Instead, say executives and observers, business for makers of items from bulldozers to semiconductors to food products is on an upswing thanks to steady global economic growth, a rise in energy and other commodity prices, and increased confidence. Overall in the U.S., the sector is adding jobs.
Manufacturing “absolutely has improved relative to where we were a year ago,” said William Strauss, a manufacturing economist at the Federal Reserve Bank of Chicago, who described the sector’s growth as modest.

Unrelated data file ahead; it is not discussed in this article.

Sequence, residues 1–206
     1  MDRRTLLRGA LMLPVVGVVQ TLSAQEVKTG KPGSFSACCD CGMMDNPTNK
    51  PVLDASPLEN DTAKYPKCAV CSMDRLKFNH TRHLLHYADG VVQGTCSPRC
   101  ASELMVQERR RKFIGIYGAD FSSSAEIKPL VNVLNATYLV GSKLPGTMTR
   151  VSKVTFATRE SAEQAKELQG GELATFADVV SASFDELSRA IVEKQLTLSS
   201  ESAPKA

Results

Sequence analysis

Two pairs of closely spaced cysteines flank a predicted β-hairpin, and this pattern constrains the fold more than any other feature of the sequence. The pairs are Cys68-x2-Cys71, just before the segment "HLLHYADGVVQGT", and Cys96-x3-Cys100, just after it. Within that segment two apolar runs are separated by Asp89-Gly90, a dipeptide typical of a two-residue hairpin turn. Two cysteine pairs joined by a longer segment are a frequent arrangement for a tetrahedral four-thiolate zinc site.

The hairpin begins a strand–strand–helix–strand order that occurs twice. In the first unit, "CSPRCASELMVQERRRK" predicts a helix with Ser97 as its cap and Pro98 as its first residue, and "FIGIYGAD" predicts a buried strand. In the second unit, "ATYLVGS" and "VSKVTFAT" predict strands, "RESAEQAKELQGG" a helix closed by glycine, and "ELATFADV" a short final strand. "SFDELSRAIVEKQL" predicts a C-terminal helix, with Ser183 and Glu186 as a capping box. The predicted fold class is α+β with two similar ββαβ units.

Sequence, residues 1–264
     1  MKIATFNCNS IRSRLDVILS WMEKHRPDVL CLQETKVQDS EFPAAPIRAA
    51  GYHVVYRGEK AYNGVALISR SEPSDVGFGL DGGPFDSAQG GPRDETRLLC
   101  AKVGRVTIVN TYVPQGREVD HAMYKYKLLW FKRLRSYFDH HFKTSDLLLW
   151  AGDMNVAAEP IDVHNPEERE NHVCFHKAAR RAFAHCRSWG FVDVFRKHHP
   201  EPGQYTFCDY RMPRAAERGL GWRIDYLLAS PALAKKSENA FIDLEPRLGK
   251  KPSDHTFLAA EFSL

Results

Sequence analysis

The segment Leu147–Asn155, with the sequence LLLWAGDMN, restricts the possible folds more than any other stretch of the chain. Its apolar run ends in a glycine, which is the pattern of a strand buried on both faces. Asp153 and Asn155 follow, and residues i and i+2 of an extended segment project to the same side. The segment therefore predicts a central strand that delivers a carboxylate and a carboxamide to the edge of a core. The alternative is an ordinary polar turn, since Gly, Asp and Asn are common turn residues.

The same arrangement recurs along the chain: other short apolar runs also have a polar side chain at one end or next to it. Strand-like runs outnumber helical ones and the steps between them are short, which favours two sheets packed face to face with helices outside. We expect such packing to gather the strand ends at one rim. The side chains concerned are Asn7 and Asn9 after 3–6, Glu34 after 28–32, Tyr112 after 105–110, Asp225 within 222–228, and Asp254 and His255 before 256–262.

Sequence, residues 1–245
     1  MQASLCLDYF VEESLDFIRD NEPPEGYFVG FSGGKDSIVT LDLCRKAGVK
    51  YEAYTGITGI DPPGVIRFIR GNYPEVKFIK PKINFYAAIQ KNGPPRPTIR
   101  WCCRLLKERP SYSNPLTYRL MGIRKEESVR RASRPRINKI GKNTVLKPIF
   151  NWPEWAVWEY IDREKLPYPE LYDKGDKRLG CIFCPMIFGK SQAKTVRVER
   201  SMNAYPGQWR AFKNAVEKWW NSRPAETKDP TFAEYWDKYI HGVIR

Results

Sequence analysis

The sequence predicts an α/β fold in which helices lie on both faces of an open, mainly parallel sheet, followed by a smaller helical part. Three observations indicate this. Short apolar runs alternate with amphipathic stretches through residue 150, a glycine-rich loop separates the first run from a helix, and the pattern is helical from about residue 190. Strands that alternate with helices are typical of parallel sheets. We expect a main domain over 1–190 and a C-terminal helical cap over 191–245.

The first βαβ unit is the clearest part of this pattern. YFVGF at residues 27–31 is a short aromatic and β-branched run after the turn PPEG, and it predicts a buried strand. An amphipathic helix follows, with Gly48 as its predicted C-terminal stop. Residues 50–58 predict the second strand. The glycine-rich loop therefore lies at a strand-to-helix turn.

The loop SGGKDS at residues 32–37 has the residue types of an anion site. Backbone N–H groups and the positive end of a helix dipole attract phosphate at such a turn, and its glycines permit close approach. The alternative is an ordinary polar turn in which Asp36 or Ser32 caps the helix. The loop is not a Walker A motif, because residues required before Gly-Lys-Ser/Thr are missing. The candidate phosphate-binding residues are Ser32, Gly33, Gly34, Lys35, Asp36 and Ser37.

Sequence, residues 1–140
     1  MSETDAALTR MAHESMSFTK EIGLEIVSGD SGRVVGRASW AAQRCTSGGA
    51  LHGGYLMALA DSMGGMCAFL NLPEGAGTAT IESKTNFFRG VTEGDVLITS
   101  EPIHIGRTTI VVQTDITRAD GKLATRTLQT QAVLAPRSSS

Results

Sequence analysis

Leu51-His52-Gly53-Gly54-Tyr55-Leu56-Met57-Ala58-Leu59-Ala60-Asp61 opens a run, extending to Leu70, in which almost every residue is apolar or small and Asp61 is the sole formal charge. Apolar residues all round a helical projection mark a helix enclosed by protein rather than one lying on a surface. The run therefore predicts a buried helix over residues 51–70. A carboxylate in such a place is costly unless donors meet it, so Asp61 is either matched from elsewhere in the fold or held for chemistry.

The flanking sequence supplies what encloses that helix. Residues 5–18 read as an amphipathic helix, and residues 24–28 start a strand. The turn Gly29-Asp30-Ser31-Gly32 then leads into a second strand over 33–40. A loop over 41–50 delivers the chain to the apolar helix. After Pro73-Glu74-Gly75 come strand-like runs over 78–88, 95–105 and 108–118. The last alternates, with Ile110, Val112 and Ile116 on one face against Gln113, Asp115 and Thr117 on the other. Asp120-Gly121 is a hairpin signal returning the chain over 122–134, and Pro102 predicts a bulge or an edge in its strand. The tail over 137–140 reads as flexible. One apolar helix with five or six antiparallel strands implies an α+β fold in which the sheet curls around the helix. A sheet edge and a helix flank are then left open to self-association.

Various measures of industrial production, spending, sentiment, and employment have climbed, while stock markets have risen to record highs partly in anticipation that the businessman-turned-president would usher in reduced taxes and fewer regulations.
“Global macroeconomic conditions are solid,” Rockwell Automation Inc. Chief Executive Blake Moret told analysts, citing “strong orders” and optimistic forecasts for global gross domestic growth and industrial production.
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